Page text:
Slowing the game down: Jalen Hurts making strides as Alabama's signal caller

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Jacob Arthur

   

Matthew Speakman

All eyes are on the quarterback.

After his successful, award-winning 2016 season came to a disappointing end, quarterback Jalen Hurts is ready to take the next step. He wants to improve as Alabama’s first returning starter quarterback since the 2013 season.

“Right after the championship game I said, ‘My season starts on the 10th,’” Hurts said. “And on the 10th, [head] coach [Nick] Saban got in touch with me and was like ‘OK, this is what we need to improve on.’ And we’ve been working on it ever since the tenth of January.”

The big question surrounding Hurts’ off-season is how he would improve his passing game. Last year, Hurts threw for 2780 yards and 23 touchdowns, while also adding 954 yards and 13 touchdowns on the ground.

Hurts’ clear strength last season was his ability to extend plays with his feet. When he took off, he was dangerous. He wants to be just as dangerous throwing the ball. His teammates are noticing the strides he is trying to take in that area.

“He’s balling,” said wide receiver Calvin Ridley. “He’s doing good. He’s working on his pass game a lot and trying to get that right. The coach is going to do a good job with him. He’s getting coached really well. So I see great things for him.”

Part of Hurts’ progression is just having experience. Thrown into the starting position as an 18-year-old freshman, he said the game would sometimes get frantic in his eyes. Having one season under his belt has already helped him.

“The experience part of it has helped a lot this spring,” Hurts said. “Slowing the game down, seeing things faster. So I think the whole growth, physically that helps, the experience part helps, and just being a student of the game.”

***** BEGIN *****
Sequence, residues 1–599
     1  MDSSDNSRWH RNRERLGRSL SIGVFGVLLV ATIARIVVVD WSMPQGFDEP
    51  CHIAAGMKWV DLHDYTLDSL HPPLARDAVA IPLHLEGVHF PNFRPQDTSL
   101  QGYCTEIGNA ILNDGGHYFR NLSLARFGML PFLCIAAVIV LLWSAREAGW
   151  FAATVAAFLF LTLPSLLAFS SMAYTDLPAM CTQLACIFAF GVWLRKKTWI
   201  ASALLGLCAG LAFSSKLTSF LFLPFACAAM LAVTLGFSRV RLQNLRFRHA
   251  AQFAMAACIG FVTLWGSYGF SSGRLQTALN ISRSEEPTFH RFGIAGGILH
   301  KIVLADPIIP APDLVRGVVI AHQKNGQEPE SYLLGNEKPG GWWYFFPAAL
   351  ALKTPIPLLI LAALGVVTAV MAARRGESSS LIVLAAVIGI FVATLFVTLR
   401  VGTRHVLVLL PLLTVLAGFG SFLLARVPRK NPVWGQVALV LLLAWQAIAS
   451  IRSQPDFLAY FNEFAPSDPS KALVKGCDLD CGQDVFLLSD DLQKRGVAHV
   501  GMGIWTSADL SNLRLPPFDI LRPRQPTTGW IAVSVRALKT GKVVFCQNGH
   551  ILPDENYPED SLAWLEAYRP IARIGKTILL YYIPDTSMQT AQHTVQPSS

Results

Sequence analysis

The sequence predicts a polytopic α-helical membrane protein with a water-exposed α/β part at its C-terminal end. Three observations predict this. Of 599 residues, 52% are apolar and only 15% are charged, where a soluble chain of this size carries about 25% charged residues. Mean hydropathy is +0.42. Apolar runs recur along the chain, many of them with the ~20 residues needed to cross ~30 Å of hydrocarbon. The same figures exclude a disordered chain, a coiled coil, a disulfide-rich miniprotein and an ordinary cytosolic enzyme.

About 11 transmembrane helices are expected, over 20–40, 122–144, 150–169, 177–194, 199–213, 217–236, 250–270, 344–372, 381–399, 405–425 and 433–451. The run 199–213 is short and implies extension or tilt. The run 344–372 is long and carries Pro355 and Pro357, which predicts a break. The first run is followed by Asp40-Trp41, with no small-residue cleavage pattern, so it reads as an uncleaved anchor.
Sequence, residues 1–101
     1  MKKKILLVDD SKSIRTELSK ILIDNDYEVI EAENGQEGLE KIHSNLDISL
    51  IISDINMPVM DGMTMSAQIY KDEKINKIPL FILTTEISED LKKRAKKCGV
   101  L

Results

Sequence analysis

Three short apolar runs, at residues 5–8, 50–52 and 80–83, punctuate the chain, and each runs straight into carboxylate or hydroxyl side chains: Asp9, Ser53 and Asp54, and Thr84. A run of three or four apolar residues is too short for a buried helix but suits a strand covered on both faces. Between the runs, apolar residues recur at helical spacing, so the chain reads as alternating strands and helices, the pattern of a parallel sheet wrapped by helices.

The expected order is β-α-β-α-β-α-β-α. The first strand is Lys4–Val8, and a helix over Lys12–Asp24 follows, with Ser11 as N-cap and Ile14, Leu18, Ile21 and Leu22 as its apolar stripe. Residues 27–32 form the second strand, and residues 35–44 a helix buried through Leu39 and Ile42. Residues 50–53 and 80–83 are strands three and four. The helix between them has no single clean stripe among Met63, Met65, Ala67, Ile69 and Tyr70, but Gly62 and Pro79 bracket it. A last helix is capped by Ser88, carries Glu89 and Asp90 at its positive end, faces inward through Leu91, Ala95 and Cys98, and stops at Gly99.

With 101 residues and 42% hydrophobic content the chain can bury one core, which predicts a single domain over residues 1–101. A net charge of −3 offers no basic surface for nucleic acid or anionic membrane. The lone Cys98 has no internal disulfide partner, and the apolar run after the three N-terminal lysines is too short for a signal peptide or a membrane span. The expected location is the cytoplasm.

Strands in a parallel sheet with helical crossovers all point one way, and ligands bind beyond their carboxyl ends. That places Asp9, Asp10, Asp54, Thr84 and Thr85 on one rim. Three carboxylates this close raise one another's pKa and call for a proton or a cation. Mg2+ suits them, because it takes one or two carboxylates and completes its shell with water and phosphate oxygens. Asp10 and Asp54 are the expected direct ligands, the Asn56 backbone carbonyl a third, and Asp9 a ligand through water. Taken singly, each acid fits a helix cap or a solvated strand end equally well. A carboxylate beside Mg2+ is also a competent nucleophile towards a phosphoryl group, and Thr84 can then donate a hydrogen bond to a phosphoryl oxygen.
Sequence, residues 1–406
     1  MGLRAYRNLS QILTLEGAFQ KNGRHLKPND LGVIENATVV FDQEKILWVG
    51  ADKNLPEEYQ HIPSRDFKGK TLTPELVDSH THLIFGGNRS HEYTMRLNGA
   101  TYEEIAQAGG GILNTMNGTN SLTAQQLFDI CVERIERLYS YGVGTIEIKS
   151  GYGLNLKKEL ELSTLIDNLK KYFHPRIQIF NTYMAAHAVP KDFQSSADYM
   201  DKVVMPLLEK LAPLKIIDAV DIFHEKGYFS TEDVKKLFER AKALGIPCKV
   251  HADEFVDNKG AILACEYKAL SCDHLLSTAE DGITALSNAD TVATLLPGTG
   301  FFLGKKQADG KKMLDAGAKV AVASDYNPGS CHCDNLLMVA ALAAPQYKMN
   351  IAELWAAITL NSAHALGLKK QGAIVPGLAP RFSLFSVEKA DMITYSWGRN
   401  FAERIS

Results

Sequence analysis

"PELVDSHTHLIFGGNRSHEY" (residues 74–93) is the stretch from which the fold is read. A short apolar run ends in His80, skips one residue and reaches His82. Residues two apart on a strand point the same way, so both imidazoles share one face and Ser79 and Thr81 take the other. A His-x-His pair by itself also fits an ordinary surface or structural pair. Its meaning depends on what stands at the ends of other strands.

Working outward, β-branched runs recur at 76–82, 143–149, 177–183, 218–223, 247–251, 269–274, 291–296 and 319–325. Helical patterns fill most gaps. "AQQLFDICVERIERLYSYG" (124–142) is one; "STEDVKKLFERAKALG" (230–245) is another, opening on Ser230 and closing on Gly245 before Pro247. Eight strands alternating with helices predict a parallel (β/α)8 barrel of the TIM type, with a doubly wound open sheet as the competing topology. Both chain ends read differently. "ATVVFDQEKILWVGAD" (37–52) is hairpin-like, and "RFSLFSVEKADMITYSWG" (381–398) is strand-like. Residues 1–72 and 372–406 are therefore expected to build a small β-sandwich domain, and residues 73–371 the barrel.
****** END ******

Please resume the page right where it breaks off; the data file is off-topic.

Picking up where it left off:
Hurts said he needed the game to slow down for him. It didn’t take long for that to happen. His very first spring practice, he noticed the change as he dropped back. He wasn’t the only one to notice, either. Hurts said offensive analyst Alex Mortensen could tell he was a different quarterback immediately.

“After practice he told me, he said ‘The game looks slower to you.’ And I was like ‘Yeah. You saw me make a check and just do things we haven’t covered yet, haven’t got to,’” Hurts said. “It’s just instinctive stuff I did and he noticed that. He said ‘It slowed down’ and I was like ‘I guess it did.’”

This spring is much different for Hurts than it was last season. Last year, he was an afterthought in Alabama’s quarterback competition. Coming in as a freshman quarterback, he had to play against some of the nation’s top secondary members. One of these players, safety Ronnie Harrison, said he could tell how much Hurts has grown since the first time they went up against each other.

“His first couple practices, I picked him off a couple of times,” Harrison said. “I could tell he was reading me a lot. I was like, he’s learning defenses and learning how to read better and he’s making a lot of great throws, so he’s definitely progressing.”

Now, Hurts is Alabama’s first returning starter at quarterback since A.J. McCarron spent three seasons as the Crimson Tide’s signal caller. Alabama’s offense is more than happy to have a returning starter at the most important position.

“It’s like you see the quarterbacks make so much progression during the year, and then it’s like they’re gone,” said offensive lineman Ross Pierschbacher. “So it’s nice to see him carry that progression and continue to get better. We’ve taken notice. He’s really slinging the ball right now.”

Hurts has already gone through more than most quarterbacks do in an entire career. He led a team to a near-perfect season, was named SEC Offensive Player of the Year and lost two offensive coordinators in the process.

With his usual cool demeanor, he didn’t let any of this affect him. He just wants to respond and add more onto his young career.

“It’s been an adventure I guess,” Hurts said. “It’s a lot. But I think that a lot of things can be thrown at you and you have to be able to respond to certain situations. Like in my first interview, I’ll say it again: it’s the process.”